Given your already using/familiar with Ableton, Id say a Push2 is the ‘obvious’ step, it’ll give you some hands on control that you want - and gives you some interesting options to develop into …
i kind of partially agree with this , and partly disagree…
out of the box, of course it describes a certain flow…
but its actually very programmable, at a simple level with max4live, or beyond by writing your own applications.
Ableton published a full API document for it - so Ive got the push2 working with a rPI and Organelle , and also hooking up to a eurorack modular via Bela Salt - I admit thats quite technical , but creating your own Max4Live devices is much more approachable - and you could “easily” write things that moved outside the normal ‘workflow’ and made it less linear.
I think, reality is to get what you want, your going to end up investing time and money in this, and your choice is which you do you want to spend more of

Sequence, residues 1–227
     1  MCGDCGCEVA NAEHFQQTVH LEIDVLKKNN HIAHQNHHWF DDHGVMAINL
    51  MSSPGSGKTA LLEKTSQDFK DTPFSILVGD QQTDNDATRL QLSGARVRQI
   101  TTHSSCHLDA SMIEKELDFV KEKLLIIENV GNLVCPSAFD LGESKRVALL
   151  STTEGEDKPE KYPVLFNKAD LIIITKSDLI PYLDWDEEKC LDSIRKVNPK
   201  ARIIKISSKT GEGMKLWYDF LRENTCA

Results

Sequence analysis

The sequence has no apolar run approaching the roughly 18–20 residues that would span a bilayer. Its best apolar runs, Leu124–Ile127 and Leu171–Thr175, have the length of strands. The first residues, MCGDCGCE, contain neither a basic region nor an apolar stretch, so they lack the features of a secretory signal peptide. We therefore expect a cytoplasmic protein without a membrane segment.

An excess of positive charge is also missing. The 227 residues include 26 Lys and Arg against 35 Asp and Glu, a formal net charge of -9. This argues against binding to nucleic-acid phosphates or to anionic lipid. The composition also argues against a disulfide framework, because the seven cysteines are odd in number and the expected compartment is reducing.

I love the push2, there’s little on the market matching its display (certainly at the price point)
but if you want a cheaper option…
look at the push 1 (used) , its actually easier to program, and gives many of the benefits.
the big disadvantage i see for you , is not being able to display waveforms nicely, which really helps editing - but your can do this by ear.
( i think push1 is very underrated for non-ableton stuff, and as the used prices are dropping becoming really attractive)
cheaper than that, there are loads of controllers, launchpad, faders - again link these up with max4live and you could create a really interesting custom environment within Ableton.
I think also it’d be useful to ‘evolve’ your approach slowly,
a push would allow you to get some benefits immediately,
then slowly start learning and customising with Max4Live in ‘baby steps’,
as you get familiar, you could then utilise than max knowledge to start looking at building an even more customised system in Max.
all still using Push and any other controllers that you decide to add along the way.